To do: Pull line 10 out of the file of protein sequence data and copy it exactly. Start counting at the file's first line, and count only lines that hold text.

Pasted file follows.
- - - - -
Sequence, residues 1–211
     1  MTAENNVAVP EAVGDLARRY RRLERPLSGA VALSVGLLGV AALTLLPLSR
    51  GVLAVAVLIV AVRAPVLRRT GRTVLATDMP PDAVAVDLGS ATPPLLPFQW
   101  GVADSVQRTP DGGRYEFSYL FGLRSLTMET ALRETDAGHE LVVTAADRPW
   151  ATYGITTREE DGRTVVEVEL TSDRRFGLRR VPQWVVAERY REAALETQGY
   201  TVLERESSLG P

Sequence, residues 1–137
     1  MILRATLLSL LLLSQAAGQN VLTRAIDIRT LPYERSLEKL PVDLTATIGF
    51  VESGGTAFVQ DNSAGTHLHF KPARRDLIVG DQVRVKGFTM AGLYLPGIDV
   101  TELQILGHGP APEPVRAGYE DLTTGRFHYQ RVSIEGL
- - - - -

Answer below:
   101  TELQILGHGP APEPVRAGYE DLTTGRFHYQ RVSIEGL